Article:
"We know that the brain is capable of mental feats way in excess of our everyday requirements. And we also know that the generally accepted view that intelligence declines with age is a myth. It is true that statistically IQ tends to decline from around the age of twenty onwards. But it is also true that there is no scientific reason why this should be so. Books on the brain almost invariably say that 'it is generally thought' that brain cells are lost as the brain grows older - possibly at the rate of 100,000 cells a day. But no definitive evidence for this assumption has yet been found."
Richard ASKWITH, 1988, 'What's in a brain?'
Sunday Telegraph (Colour Supplement), 22 v.

"Old age really is a state of mind. You can become young again almost at once."
Callan PINCKNEY, 1989, Callanetics. New York : Arrow.

"There is tremendous untapped energy and creativity to be found in the over-40's.... There is no necessary connection between being young and being radical."
Contributor to 'Open Mind', BBC IV UK, 11 vi 1991.


"[In his book, Kausler] explicitly rejects what he calls the 'Pollyanna attitude' that seeks, in the face of evidence to the contrary) to maintain that human cognition is not adversely affected by ageing. This view, which seems to have been gaining ground of late, appears to be engendered by the kind of misplaced sensitivity that refuses to see any faults in 'minority groups'."
Gillian COHEN, 1984, British Journal of Psychology.

"Although there are indeed memory changes with aging, there is no evidence that these are widespread, pervasive, or irreversible.... Although some problems may be organically based, the more common forms of memory loss are likely due largely to disuse (Schaie & Willis, 1986, Dev.Psychol. 2).... Even if some memory loss is due to irreversible organic changes, varying degrees of compensation are possible through extra effort and external aids (Baltes & Baltes, 1990, Successful Aging)."
Margie E. LACHMAN, 1991, Journal of Social Issues 47.

(iii) Lifespan development

"Haydn lived for 77 years; at age 63, in the year 1795, he composed his trumpet concerto, still considered the premiere trumpet concerto in the world, and in his late sixties and early seventies he composed his famous oratorios, The Creation and The Seasons."
Lawrence S. WRIGHTSMAN, 1988, Personality Development
in Adulthood
. Newbury Park, CA : Sage.

"[Gail Sheehy's (1983, Pathfinders)] three years of research were based on two national surveys that yielded 60,000 life-history questionnaires, followed by dozens of research workshops and personal interviews in thirty-eight states [of the USA], four Canadian provinces, and three European countries. She wrote: "Consistently, in every sample, whether men or women, the people who enjoy the highest well-being in life are likely to be the older ones.... despite the 'danger zone' [for menopausal women], a mobilization usually begins in the late forties that registers with rising exhilaration as women move into their fifties.... For many men....a take-off into high satisfaction occurred in the late fifties, rose in the early part of the sixties, and for a considerable number leveled off beyond that on a high plateau.""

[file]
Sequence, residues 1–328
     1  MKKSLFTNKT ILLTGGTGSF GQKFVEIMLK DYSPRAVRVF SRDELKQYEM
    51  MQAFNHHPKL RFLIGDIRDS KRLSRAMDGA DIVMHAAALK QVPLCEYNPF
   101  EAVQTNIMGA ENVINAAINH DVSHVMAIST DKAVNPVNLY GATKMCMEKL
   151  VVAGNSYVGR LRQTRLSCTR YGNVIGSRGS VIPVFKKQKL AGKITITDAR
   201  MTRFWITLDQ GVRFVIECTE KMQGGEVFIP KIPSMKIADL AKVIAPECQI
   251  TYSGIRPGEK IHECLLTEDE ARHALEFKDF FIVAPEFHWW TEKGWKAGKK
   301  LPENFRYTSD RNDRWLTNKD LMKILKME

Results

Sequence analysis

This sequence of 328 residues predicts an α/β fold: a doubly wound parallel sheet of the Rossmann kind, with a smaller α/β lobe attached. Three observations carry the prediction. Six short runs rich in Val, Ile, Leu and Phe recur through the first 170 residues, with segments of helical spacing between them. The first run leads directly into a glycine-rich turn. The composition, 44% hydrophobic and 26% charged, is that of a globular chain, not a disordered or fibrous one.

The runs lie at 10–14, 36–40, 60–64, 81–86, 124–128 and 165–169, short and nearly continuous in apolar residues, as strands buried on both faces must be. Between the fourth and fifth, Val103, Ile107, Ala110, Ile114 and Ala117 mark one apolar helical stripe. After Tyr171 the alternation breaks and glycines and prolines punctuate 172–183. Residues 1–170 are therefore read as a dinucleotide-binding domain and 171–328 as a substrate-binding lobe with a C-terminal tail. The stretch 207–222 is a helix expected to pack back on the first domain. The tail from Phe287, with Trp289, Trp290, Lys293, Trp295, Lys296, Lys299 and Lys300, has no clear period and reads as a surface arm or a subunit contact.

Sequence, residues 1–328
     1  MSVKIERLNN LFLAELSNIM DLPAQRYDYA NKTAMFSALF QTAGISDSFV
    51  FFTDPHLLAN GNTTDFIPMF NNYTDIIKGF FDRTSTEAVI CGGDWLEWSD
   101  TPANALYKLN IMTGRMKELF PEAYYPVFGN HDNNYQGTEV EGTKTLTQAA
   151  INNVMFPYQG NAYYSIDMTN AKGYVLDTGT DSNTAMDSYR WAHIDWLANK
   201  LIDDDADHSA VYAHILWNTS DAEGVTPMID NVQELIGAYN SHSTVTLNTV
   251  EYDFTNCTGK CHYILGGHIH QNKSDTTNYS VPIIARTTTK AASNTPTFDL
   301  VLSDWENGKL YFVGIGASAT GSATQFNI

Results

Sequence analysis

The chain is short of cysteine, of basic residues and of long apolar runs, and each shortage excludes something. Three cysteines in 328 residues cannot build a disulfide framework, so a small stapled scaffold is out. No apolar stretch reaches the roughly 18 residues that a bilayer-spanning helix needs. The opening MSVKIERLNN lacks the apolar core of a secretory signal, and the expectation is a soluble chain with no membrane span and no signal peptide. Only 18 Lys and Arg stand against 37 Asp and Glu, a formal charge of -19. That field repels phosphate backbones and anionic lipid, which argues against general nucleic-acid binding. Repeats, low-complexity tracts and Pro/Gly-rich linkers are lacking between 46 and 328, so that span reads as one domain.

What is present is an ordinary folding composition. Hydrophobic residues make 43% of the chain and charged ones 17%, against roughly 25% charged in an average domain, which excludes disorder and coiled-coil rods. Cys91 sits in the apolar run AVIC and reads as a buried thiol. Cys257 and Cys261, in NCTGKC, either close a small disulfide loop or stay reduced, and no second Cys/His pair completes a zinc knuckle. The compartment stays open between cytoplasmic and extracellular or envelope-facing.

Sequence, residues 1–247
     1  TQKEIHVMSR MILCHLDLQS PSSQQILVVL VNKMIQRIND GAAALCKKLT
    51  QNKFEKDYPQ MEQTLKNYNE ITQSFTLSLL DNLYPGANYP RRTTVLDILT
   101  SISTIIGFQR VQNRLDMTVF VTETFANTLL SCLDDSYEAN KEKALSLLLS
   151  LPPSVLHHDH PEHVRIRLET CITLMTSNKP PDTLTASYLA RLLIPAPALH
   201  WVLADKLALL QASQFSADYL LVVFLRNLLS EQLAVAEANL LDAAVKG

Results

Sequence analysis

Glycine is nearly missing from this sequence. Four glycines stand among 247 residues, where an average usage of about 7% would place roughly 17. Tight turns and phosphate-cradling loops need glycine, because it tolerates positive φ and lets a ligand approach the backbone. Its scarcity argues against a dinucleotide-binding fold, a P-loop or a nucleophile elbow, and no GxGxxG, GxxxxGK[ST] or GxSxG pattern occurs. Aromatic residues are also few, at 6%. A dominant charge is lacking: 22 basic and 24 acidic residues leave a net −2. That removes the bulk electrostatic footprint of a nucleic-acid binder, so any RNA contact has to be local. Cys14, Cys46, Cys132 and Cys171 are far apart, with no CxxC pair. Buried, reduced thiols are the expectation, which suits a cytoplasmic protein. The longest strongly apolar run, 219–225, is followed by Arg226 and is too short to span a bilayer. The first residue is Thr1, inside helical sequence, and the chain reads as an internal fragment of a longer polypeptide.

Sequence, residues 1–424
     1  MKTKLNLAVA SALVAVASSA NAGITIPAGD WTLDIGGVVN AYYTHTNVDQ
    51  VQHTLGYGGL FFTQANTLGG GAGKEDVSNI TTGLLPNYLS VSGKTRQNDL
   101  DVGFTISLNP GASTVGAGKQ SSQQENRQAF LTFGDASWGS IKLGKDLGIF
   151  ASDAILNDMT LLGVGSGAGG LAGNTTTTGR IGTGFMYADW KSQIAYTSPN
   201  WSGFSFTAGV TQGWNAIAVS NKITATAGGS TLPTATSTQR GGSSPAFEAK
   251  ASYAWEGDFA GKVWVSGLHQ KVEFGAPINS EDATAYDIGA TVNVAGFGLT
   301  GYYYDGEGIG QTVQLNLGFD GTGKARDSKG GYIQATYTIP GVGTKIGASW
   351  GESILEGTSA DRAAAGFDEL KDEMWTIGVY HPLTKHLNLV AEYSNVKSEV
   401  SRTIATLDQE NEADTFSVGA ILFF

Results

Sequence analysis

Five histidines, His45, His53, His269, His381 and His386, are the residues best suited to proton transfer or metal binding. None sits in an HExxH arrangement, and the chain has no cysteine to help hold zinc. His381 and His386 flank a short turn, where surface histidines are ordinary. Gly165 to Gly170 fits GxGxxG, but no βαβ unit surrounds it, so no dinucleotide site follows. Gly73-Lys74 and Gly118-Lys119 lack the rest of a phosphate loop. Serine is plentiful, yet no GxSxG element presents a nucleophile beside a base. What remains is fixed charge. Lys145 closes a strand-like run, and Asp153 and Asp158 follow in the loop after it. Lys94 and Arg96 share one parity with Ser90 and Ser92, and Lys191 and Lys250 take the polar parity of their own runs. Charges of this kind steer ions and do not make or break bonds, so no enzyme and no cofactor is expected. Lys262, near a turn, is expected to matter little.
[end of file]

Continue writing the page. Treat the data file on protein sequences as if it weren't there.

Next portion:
R.D.LOOMIS, 1993, The Atlantic 272, viii.

"Analysis of more objective productivity indices demonstrated performance increases as employees grew older. Conversely, supervisor ratings showed small declines in performance with increasing age.... A possible explanation is that individual productivity represents a fairer representation of performance....
The older worker who may appear to be dull as compared with a younger, more enthusiastic worker may have become so due to years of accumulated boredom. Offering older workers renewed stimulation at key points in their careers may help to maintain high levels of productivity."
D.A.WALDMAN & B.J.AVOLIO, 1986, 'A meta-analysis of age differences in job performance'.
Journal of Applied Psychology 71.

"Ms H.'s erotomanic symptoms began abruptly at age 75, after she met a 19-year-old maintenance man sent to repair her apartment's plumbing. In the days immediately following her visit, Ms H informed her family that the man was going to marry her.... Over the next two years, Ms H. talked frequently about her boyfriend and their impending marriage.... To the best of our knowledge, this constitutes the oldest age of onset for erotomania.... Apparently, age is no barrier to romantic delusions."
W.C.DREVETS & E.H.RUBEN, 1987, British Journal of Psychiatry 151.

"[According to Norma Haan's researches with well-adjusted adults of all ages,] "the older persons, in their sixties and seventies, emphasized....traits in themselves such as their capacity for intimacy and close interpersonal relations. They were more protective of others and placed high value on cheerfulness, gregariousness, and a sense of humour. They cared less for manifesting intellectual skills.""
Lawrence S. WRIGHTSMAN, 1988, Personality Development in
. Newbury Park, CA : Sage.

"....elderly subjects (age 65 and older) were the most altruistic of the age groups studied. These individuals reported more pity toward someone in need, less anger, and greater willingness to offer help...."